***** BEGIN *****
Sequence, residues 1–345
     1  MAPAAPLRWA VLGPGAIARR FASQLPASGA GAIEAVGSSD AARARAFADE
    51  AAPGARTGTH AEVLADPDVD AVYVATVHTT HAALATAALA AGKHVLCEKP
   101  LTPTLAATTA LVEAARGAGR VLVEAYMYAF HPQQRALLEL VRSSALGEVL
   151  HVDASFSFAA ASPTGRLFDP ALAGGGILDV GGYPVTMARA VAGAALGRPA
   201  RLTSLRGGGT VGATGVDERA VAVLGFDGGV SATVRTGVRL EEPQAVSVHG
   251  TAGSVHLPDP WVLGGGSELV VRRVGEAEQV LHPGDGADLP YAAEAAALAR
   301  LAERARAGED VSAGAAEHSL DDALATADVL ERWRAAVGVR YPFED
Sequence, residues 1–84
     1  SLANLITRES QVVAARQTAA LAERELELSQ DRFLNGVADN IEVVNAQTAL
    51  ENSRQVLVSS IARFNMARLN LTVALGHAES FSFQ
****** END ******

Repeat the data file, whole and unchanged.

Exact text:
Sequence, residues 1–345
     1  MAPAAPLRWA VLGPGAIARR FASQLPASGA GAIEAVGSSD AARARAFADE
    51  AAPGARTGTH AEVLADPDVD AVYVATVHTT HAALATAALA AGKHVLCEKP
   101  LTPTLAATTA LVEAARGAGR VLVEAYMYAF HPQQRALLEL VRSSALGEVL
   151  HVDASFSFAA ASPTGRLFDP ALAGGGILDV GGYPVTMARA VAGAALGRPA
   201  RLTSLRGGGT VGATGVDERA VAVLGFDGGV SATVRTGVRL EEPQAVSVHG
   251  TAGSVHLPDP WVLGGGSELV VRRVGEAEQV LHPGDGADLP YAAEAAALAR
   301  LAERARAGED VSAGAAEHSL DDALATADVL ERWRAAVGVR YPFED
Sequence, residues 1–84
     1  SLANLITRES QVVAARQTAA LAERELELSQ DRFLNGVADN IEVVNAQTAL
    51  ENSRQVLVSS IARFNMARLN LTVALGHAES FSFQ